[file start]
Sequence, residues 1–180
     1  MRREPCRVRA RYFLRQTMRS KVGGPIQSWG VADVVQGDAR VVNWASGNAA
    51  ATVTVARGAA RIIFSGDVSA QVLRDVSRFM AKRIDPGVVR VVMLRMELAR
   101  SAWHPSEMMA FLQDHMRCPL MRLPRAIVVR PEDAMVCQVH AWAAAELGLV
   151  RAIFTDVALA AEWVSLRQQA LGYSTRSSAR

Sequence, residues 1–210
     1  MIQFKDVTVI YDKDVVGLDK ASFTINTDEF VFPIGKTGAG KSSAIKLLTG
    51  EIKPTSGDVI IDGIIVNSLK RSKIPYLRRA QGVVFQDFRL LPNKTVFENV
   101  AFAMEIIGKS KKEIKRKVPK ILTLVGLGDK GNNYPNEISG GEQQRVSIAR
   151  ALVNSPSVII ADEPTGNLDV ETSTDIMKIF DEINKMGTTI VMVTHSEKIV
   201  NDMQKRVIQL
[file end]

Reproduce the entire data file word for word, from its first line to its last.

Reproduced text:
Sequence, residues 1–180
     1  MRREPCRVRA RYFLRQTMRS KVGGPIQSWG VADVVQGDAR VVNWASGNAA
    51  ATVTVARGAA RIIFSGDVSA QVLRDVSRFM AKRIDPGVVR VVMLRMELAR
   101  SAWHPSEMMA FLQDHMRCPL MRLPRAIVVR PEDAMVCQVH AWAAAELGLV
   151  RAIFTDVALA AEWVSLRQQA LGYSTRSSAR

Sequence, residues 1–210
     1  MIQFKDVTVI YDKDVVGLDK ASFTINTDEF VFPIGKTGAG KSSAIKLLTG
    51  EIKPTSGDVI IDGIIVNSLK RSKIPYLRRA QGVVFQDFRL LPNKTVFENV
   101  AFAMEIIGKS KKEIKRKVPK ILTLVGLGDK GNNYPNEISG GEQQRVSIAR
   151  ALVNSPSVII ADEPTGNLDV ETSTDIMKIF DEINKMGTTI VMVTHSEKIV
   201  NDMQKRVIQL